least impacting of the three. We can then see what 3D programmers end up
using more often (I'd like to bet that `opacity-style: flat` will be the
least used). Or, perhaps the default for a 3D object can be `single`, and
`flat` for non-3D objects.

What are your thoughts on something like this, `opacity-style`? Because, as
it stands, opacity in the 3D web isn't very workable now in nested scenes
(it is much more workable with the legacy behavior).

*/#!/*JoePea

On Thu, Sep 15, 2016 at 11:16 AM, Tab Atkins Jr. <jackalmage@gmail.com>
wrote:

> On Thu, Sep 15, 2016 at 10:02 AM, Rik Cabanier <cabanier@gmail.com> wrote:
> > On Wed, Sep 14, 2016 at 8:44 PM, /#!/JoePea <trusktr@gmail.com> wrote:
> >> Here's an example using Famous Engine (http://github.com/famous/engine
> ):
> >>
> >> First, with opacity at the default value of 1.0, the "Famous Code" logo
> >> moves back and forth and rotates:
> >> http://jsfiddle.net/trusktr/spauv8fs/5
> >>
> >> With opacity reduced, it breaks in Chrome 53:
> >> http://jsfiddle.net/trusktr/spauv8fs/6
> >>
> >> Famous Engine has the ability to mix WebGL with DOM, and this includes
> >> opacity. This new behavior causes the DOM elements not to move in 3D
> space
> >> the WebGL meshes.
> >>
> >> First, here's a demo, with opacity at 1.0:
> >> http://jsfiddle.net/trusktr/spauv8fs/7
> >>
> >> The, with opacity at 0.7:
> >> http://jsfiddle.net/trusktr/spauv8fs/8
> >>
> >> What you are supposed to see is a DOM element and a WebGL Mesh that both
> >> seem to intersect with the pink DOM-based background (the
> implementation is
> >> not perfect yet...). In the second fiddle (spauv8fs/8) the "Famous Code"
> >> logo appears not to move any more while the WebGL mesh continues to
> move.
> >>
> >> There is a bug in the WebGL renderer which I believe may be due to
> changes
> >> in WebGL, but the WebGL part of those examples is supposed to be
> transparent
> >> as well.
> >>
> >> I myself am working on a new implementation of DOM + WebGL, and it
> allows
> >> application of opacity. This change in Chrome 53 completely breaks how
> that
> >> is supposed to work. I don't have an online demo yet...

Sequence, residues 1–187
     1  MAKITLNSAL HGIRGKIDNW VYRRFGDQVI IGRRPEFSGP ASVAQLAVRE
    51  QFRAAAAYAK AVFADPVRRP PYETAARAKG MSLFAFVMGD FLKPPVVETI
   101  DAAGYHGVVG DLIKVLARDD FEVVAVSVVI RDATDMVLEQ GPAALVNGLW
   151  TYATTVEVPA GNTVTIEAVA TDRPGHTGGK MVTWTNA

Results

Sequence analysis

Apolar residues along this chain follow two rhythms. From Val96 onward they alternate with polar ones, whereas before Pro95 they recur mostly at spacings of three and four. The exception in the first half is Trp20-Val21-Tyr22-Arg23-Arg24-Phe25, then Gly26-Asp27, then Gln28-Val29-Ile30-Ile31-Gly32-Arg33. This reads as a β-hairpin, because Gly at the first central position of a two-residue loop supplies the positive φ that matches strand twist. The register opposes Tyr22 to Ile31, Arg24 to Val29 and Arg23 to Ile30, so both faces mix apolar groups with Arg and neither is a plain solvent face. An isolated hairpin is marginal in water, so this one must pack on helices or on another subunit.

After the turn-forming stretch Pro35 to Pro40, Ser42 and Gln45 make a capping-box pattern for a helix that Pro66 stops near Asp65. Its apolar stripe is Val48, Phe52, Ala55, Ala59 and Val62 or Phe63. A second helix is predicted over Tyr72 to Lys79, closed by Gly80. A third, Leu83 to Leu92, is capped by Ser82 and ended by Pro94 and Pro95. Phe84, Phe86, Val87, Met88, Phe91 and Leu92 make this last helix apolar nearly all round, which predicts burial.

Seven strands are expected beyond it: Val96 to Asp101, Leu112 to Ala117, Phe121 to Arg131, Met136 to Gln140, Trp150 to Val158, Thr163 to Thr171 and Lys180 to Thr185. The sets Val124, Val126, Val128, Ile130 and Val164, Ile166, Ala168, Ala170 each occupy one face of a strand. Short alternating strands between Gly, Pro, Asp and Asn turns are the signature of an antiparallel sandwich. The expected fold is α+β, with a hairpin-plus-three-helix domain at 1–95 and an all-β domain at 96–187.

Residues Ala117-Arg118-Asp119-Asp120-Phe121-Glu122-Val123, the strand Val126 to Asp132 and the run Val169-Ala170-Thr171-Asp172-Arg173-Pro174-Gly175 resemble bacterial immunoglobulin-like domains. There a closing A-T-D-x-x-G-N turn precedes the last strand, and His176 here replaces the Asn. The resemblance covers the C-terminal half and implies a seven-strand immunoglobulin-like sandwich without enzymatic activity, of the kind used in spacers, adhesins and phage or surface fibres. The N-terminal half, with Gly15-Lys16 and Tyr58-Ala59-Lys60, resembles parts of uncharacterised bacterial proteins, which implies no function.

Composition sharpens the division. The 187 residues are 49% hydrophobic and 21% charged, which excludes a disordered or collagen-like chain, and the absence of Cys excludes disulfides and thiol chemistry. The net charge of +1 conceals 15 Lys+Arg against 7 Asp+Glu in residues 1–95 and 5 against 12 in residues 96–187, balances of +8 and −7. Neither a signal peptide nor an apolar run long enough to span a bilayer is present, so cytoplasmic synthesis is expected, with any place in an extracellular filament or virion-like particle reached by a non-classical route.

> >>
> >> I would say let's definitely consider undoing the changes to the spec so
> >> that flattening does not happen when applying an opacity to 3D DOM
> elements.
> >> The reasoning is not just to prevent breaking apps, but because the new
> >> behavior simply doesn't make sense as far as 3D goes.
> >
> >
> > I don't understand how you come to that conclusion.
> > The new behavior seems more logical since it applies the opacity to
> element
> > that has the property applied. The old implementation distributed the
> value
> > to its children which is counter to any other CSS value.
> > Are you proposing that we also do this for filters, blending, backdrop
> > blurring and other effects, or is opacity special in some way,
> >
> > As Simon stated, if you want the old behavior, just add a selector to
> your
> > opacity parameter so it's applied to the children.
>
> Yes. This is not a spec bug, it's a natural and unavoidable
> consequence of doing a "group effect", which opacity, filters, and a
> few other effects are.  These types of effects require the group to be
> rendered as a unit, then have the effect applied; in 3d space, this
> has the effect of flattening them. (If you didn't flatten, then other
> items could get between the individual pieces in 3d order, and there's
> no consistent or sensible way to render that. This is identical to how
> z-index is "flattened" by opacity and other group effects, so you
> can't sandwich elements elsewhere in the page between the elements in
> the group.)
>
> If you want to sandwich things, you need to push the effect further
> down into the leaves, so it doesn't group as many things together.
> This lets you do more re-ordering, but has a different visual effect -
> if one item occludes another in a group, when they're made transparent
> they still occlude; if they're made individually transparent, you'll
> be able to see the second item behind the first.  Similar differences
> exist for other group effects - if you're doing a gaussian blur,
> blurring two boxes as a group can look quite different than blurring
> them individually.
>
> As Simon said, Chrome 52 and earlier Safari are simply buggy and not
> "grouping" things correctly; they're instead automatically pushing the
> opacity down further toward the leaves when 3d is involved.  If you
> want the same effect, just do so manually, as Rik recommends.
>
> (We had an almost identical request in the SVG Working Group a few
> days ago. I posted
> https://github.com/w3c/svgwg/issues/264#issuecomment-246750601 as an
> extended explanation of what's happening.)
>
> ~TJ
>
Received on Monday, 19 September 2016 00:52:26 UTC